Tag Archives: email marketing

Speaking Your Customers’ Language

I ran an all-day customer workshop recently with one of our customers, a rapidly growing online retailer.  There were seven of us in the workshop altogether; myself, three colleagues and three key people from the customer (one technical, one commercial – the founder, in fact – and one marketing).  The meeting went well and we covered a lot of ground, however one of the things that slowed us down a little early on (and I have come across this in the past) was the fact that we weren’t always talking about the same thing, even though we thought we were.  Specifically, we were using certain terms (‘personalisation’, ‘data quality’, ‘inactive’ and even ‘spam’) however some assumptions had been made about what each of these terms meant.

The first reason I bring this up is that it reminded me of the importance of having a common understanding of the terms and language that we are using every day, especially in an industry such as ours where new terms are being created (and forgotten) on a rapid and ongoing basis.  Using the above example to illustrate the point, we very nearly spent a substantial amount of time discussing the relative merits of the different data integrity tools on the market – those which help ensure your email data is accurate, correctly constructed, current and so on – when in fact the customer wanted to discuss how best to qualify the value of different contacts dependent on the recency and nature of their last contact.  For him, ‘data quality’ was a value term, not a measure of the likely accuracy of an email address.  I don’t think there’s a right or wrong answer here, but I do think it was critical that we were able to find a common understanding earlier in the conversation as it saved us all a lot of time.  Another example might be personalisation, a popular term at the moment throughout our industry.  I’ll bet if you ask three of your colleagues what they think personalisation means, you’ll get three different answers, even if you limit the context to email marketing.  The reason why this is important is that it’s all too easy to make the assumption that everyone agrees on the definition of a term (especially one like personalisation) and a lot of time and money can subsequently be spent (wasted?) pursuing separate goals.  Getting this kind of thing right up front is critical.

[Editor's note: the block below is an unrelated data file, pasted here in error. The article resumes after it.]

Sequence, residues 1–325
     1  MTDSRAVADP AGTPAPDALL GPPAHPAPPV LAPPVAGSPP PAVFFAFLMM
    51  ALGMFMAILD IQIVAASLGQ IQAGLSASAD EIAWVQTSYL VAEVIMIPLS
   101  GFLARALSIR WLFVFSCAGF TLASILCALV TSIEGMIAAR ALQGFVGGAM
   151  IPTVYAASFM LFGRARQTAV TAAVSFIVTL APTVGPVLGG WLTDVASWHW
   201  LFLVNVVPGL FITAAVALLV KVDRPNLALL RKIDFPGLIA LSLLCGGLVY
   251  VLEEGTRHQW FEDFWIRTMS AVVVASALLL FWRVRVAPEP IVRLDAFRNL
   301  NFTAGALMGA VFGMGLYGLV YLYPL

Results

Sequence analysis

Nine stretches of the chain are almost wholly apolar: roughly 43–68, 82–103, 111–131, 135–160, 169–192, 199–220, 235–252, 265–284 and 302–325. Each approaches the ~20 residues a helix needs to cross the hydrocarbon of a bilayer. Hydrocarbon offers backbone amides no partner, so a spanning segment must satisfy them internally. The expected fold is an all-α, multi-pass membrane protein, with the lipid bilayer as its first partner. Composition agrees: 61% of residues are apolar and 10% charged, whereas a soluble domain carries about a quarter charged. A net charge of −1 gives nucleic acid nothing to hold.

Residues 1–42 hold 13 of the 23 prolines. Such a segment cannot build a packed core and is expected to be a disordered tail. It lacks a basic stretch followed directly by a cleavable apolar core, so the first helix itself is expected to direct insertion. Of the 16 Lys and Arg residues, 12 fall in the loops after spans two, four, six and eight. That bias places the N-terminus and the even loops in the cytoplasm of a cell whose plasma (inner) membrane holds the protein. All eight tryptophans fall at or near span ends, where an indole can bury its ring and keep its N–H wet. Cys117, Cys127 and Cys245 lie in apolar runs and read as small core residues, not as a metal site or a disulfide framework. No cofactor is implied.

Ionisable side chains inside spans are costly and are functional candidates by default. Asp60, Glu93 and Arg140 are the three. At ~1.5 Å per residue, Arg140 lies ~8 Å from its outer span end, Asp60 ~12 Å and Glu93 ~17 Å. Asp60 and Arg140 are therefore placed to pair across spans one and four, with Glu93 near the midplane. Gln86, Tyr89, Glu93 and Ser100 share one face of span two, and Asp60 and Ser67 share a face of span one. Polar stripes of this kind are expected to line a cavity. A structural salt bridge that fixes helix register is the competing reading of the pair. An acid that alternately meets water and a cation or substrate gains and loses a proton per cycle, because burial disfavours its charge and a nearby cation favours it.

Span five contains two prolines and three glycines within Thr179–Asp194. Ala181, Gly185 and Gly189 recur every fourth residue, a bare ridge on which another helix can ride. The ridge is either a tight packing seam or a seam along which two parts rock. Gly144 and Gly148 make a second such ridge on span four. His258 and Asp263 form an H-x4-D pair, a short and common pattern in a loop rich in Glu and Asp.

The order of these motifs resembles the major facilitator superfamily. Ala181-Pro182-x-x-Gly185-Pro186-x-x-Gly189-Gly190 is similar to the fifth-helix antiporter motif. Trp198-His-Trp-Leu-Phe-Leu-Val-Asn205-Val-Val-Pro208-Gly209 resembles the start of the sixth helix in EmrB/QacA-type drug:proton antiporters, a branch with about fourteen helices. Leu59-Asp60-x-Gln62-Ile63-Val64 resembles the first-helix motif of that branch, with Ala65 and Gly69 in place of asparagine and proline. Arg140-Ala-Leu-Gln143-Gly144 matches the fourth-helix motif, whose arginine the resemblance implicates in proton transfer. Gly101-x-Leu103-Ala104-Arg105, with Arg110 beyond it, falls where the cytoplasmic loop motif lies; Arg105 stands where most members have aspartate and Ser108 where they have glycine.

The second reason I think this is important is with regard to speaking your customers’ language.  This mattered in the customer meeting I talked about earlier (aside from the ‘data quality’ discussion, their technical attendee talked about all email marketing campaigns as ‘spam’ as a matter of course, which took a while to get my head round!) and it is even more important when as marketers you’re communicating with your customers.

Understanding and using the kind of language that is familiar and accessible to your customers is critical to successfully growing and retaining a loyal customer base.  This is even more important if your customers are based all over the world and not just for the obvious reason.

Here are just two examples of companies that I think do it well.

1.    Selfridges
Selfridges is a global brand with global customers.  Everything about its brand image resonates premier quality and class.  They’ve been named the world’s best department store twice and they work hard to manage their online relationships in a way that complements this established reputation.

They do it well.  Their emails are consistently elegant, understated and easy to navigate, just like their store.  They also offer additional personalisation options to further reinforce their credentials and whilst the language is subtle, by offering next day delivery, international click and collect, complimentary returns and a gift wrap service, the overall experience is precisely the kind of thing that I would expect to appeal to a Selfridges subscriber.